SSY Base Oil Shipping Report


The spot market enjoyed a busier week in terms of cargoes quoted, but the overhang of tonnage, especially in Europe and the United States, means that there are still ships left behind without work. Possibly the most successful of regions has been Middle East Gulf to India, where demand continues to recover.

U.S. Gulf of Mexico
There has been a fresh injection of aromatics cargoes from the U.S. Gulf to Northwest Europe, but it has not been sufficient to stop rates from sliding by another couple of dollars. One of the problems has been that the other major trade lanes out of the U.S. Gulf have slowed to a crawl, and ships that might take cargo to South America, for example, have resorted to trading on the transatlantic route instead.

Apart from some urea ammonia nitrate and ethanol cargoes from the U.S. Gulf to the east coast of South America, there has not been much else southbound, and we see levels for 5,000 ton cargoes from Houston to Santos slipping to around $36/t.

U.S. Gulf-to-Caribbean seems stable, but U.S. Gulf-to-Asia is becoming very quiet. Numbers here for 5,000 tons of base oils from Houston to main ports in the Far East have dropped below $55/t for October shipment. Space can even been found from the U.S. Gulf to India in October, and levels in the low $90s/t are probably achievable for 3,000 tons.

We have seen quite some cargo quoted throughout Europe the past week, but in spite of the extra volume we still hear many examples of cargoes that attract 10 to 15 offers from ship owners. Freight rates are at best stable in the region, but it would be easy to envisage further slippage as owners give ground in order to get their vessels moving.

That said, it is not an entirely gloomy picture. Some owners have managed to fix forward so that they have a breathing space of 10 to 15 days. If demand continues to grow over the next week or so, some of the more desperate vessels may secure employment and the market may earn itself a respite. However, as one of the major petrochemical conferences is about to start in Berlin over the weekend, it is unlikely that too much new business will be generated.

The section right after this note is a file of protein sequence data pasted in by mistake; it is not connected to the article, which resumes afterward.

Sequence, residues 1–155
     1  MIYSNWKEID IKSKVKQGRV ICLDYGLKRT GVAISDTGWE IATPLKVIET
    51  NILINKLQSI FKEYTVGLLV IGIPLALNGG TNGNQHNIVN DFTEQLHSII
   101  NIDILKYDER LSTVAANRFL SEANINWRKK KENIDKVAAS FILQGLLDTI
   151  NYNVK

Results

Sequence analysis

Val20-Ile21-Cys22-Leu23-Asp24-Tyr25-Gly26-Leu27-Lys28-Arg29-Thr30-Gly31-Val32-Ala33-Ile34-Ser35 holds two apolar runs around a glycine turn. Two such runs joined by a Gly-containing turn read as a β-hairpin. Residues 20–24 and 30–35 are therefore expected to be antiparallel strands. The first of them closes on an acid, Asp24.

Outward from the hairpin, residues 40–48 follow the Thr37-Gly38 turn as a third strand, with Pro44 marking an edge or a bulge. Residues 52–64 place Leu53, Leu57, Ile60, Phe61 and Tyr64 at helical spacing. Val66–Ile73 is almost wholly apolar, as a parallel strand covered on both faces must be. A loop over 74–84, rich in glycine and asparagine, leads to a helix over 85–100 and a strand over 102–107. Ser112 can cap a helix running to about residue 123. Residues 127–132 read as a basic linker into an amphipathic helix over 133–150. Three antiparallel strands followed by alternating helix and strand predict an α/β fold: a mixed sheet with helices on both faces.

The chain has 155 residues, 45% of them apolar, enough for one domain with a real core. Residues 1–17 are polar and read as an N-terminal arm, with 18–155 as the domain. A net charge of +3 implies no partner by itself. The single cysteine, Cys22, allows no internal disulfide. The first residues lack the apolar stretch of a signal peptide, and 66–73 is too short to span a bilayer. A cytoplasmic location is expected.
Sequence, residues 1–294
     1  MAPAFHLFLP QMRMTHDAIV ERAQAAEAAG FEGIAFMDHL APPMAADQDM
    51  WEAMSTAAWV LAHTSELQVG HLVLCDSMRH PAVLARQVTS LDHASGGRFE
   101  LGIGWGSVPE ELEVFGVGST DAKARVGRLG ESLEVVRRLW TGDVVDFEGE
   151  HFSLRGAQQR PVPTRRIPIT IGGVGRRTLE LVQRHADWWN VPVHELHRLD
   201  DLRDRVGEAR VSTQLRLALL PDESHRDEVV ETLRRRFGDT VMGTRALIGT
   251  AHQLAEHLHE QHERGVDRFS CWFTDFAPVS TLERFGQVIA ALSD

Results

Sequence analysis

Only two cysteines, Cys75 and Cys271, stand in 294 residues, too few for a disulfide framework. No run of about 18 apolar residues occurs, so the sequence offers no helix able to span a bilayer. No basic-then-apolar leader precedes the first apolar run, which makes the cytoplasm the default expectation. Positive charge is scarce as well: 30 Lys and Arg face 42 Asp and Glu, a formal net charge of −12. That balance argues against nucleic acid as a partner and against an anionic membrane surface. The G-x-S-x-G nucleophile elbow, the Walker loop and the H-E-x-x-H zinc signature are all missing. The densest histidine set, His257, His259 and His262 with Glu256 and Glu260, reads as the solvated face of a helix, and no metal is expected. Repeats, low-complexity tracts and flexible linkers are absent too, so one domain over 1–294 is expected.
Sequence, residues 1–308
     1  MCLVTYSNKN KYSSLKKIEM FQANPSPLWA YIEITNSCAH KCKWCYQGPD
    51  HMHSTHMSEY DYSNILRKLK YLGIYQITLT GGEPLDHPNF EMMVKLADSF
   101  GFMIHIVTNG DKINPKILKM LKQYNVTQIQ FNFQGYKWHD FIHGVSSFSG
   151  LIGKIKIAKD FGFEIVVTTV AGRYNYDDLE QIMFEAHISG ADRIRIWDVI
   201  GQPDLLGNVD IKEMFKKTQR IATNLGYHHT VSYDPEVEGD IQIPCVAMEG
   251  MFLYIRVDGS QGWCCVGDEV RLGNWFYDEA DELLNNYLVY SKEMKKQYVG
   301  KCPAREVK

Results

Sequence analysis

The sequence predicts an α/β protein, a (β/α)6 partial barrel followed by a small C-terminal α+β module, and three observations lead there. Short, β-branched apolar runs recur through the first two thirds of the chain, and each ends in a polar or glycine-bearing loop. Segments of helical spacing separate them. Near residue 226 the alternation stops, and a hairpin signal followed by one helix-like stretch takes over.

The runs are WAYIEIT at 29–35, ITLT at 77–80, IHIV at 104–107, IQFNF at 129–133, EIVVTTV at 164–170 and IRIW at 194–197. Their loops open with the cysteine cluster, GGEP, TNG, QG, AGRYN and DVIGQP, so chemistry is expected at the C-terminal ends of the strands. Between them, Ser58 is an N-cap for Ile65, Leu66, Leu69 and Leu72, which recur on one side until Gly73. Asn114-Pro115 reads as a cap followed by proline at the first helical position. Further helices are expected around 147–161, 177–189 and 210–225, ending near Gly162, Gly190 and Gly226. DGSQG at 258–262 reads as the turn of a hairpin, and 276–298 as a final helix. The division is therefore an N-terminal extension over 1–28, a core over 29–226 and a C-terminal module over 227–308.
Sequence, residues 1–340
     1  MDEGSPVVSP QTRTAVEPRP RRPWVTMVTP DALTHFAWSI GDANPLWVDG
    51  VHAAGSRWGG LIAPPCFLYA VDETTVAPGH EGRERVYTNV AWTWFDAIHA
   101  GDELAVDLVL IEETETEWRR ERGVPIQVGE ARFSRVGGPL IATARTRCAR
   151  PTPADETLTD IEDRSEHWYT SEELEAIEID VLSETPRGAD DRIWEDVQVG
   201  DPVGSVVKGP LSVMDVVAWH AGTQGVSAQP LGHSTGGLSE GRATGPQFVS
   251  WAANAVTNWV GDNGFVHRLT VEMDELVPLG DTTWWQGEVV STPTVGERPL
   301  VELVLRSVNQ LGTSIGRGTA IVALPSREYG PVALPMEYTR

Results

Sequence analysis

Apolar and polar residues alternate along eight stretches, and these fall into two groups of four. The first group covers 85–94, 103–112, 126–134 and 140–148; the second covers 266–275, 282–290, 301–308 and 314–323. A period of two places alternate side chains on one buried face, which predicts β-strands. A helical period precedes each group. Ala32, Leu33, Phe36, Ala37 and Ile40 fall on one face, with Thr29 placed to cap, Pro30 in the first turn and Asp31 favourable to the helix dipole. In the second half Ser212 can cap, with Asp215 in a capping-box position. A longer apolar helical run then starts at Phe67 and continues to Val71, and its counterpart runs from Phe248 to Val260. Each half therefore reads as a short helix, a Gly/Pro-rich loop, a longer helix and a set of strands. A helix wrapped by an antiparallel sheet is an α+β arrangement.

Transatlantic westbound produced some quotations of aromatics, gasoline components and caustic, but space is plentiful and rates remain weak. Europe-to-Asia has been slow, but there have been a reasonable flow of cargoes to India and the Middle East Gulf, such as pyrolysis gasoline, acids, base oils and vegetable oils, that rates to these areas are almost underpinning rates to Asia. We see a 5,000 ton cargo from Rotterdam to Mumbai paying almost the same as 5,000 tons to Taiwan or Korea in spite of the extra distance.

Inter-Asian markets saw freights reduce even further, in spite of the approaching Golden Week in China that had been expected to boost demand beforehand. However, trade into India and the Middle East has been fairly brisk on palm oils, solvents and aromatics. There have been a few tentative gestures at moving benzene/toluene/xylene to the U.S. Gulf in October, although nothing has been fixed so far that we have heard.

Trade to Europe too has been mostly along the lines of smaller sophisticated parcels. The routes that have seen more activity have been those from India and the Middle East Gulf, both east and westbound. Rates have notched upwards by a dollar or so amid tightening space.

Adrian Brown is senior market analyst for chemicals and base oils with SSY Shipbrokers, London. Information about SSY can be found at Adrian Brown, in the U.K., can be reached directly at or by phone at +44 1207-507507. In the U.S., SSYs Steve Rosenthal can be reached at or +1 203-961-1566.

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